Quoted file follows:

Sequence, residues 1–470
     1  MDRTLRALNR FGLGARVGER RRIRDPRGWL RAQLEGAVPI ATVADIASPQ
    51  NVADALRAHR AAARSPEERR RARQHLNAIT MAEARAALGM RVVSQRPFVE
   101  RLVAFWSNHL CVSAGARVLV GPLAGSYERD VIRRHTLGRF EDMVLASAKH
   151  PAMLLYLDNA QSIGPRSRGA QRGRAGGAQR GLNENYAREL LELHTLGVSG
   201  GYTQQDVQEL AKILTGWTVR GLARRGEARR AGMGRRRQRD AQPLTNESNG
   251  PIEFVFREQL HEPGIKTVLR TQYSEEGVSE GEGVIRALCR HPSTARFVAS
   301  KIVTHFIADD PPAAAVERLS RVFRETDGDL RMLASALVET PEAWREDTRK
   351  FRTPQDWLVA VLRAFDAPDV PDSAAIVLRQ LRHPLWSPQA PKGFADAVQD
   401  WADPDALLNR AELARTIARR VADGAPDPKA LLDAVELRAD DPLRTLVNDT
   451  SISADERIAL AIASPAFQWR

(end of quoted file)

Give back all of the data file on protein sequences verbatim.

Sequence, residues 1–470
     1  MDRTLRALNR FGLGARVGER RRIRDPRGWL RAQLEGAVPI ATVADIASPQ
    51  NVADALRAHR AAARSPEERR RARQHLNAIT MAEARAALGM RVVSQRPFVE
   101  RLVAFWSNHL CVSAGARVLV GPLAGSYERD VIRRHTLGRF EDMVLASAKH
   151  PAMLLYLDNA QSIGPRSRGA QRGRAGGAQR GLNENYAREL LELHTLGVSG
   201  GYTQQDVQEL AKILTGWTVR GLARRGEARR AGMGRRRQRD AQPLTNESNG
   251  PIEFVFREQL HEPGIKTVLR TQYSEEGVSE GEGVIRALCR HPSTARFVAS
   301  KIVTHFIADD PPAAAVERLS RVFRETDGDL RMLASALVET PEAWREDTRK
   351  FRTPQDWLVA VLRAFDAPDV PDSAAIVLRQ LRHPLWSPQA PKGFADAVQD
   401  WADPDALLNR AELARTIARR VADGAPDPKA LLDAVELRAD DPLRTLVNDT
   451  SISADERIAL AIASPAFQWR